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Do I have to pay taxes when I am receiving disability benefits?

Some Social Security Disability beneficiaries have to pay federal income taxes on their Social Security Disability benefits, while others do not. Generally speaking, if Social Security Disability Insurance (SSDI) or Supplemental Security Income (SSI) is your only sources of income, you will not have to pay any federal income taxes on your Social Security Disability benefits.

About 2/3 of Social Security Disability recipients don’t pay federal income taxes on their Social Security Disability payments. Whether or not you have to pay taxes is determined by your level of income. In 2011, you do not have to pay federal income taxes if your combined taxable income is not greater than $25,000 for a single person or $32,000 for a married couple filing jointly.

State and local income taxes may apply to your disability benefits, and you will want to check with your state and local authorities or your income tax preparer or accountant to make sure that you are aware of any state or local income taxes you will need to pay. In most cases, if you are exempt from federal income tax on your Social Security disability benefits, you won’t have to pay any income tax, but you should confirm this with an accountant.

It is especially important that you see an accountant or tax preparer when you start collecting SSDI if your income is high enough that you expect to pay taxes. You will want to make sure that you have enough deducted or set enough money aside to cover your income tax obligations.

It is worth noting that Social Security Disability benefit payments are taxed differently than other income. Generally speaking, only half of your Social Security Disability benefit payments are counted as taxable income. Of course, the rest of your income is taxable under the normal rules, regulations, and laws which apply.

To determine whether or not you will need to pay federal income taxes on your Social Security Disability Insurance payments, you will need to add up all of your income. This includes:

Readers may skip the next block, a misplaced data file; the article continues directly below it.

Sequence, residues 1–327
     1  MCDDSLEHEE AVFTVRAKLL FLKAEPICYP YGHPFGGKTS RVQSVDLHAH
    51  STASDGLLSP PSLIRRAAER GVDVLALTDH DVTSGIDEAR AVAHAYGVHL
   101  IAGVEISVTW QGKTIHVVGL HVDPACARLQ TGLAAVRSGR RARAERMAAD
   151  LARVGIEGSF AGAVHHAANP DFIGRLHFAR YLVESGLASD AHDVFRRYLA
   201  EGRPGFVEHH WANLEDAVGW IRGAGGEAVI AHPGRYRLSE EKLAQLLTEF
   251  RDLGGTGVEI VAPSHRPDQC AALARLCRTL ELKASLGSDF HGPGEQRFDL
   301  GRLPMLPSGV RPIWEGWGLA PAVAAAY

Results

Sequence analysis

• Half of your income from Social Security Disability payments.
  • All of your taxable pension payments.
  • Any wages you earn. (Remember that if you earn more than $1,000 per month, you are considered gainfully employed and may be disqualified for Social Security Disability).
  • All interest on savings accounts or similar savings vehicles, including tax sheltered or tax deferred interest.
  • All dividends on stocks, bonds, mutual funds, or other investments.
  • All passive income, such as rent.
  • All other normally taxable income.

If, after you add all sources of income together (remembering that you only need to factor in half of your Social Security Disability payments), check to see whether you are above or below the limit. If you are making more than $25,000 (or $32,000 for a married couple), your Social Security Disability benefits are taxable and you will need to pay federal income tax on them.

If you are married, but filing separately, your Social Security Disability benefits will be taxable, regardless of what your income actually is. Additionally, if you are making more than $34,000 (for a single individual) or $44,000 (for a married couple), you may be taxed on up to of your Social Security Disability payments.

Taxes on disability payments can be rather complicated. If you had retained the help of a disability attorney during the claims process, be sure consult with that individual regarding disability benefits and taxable income.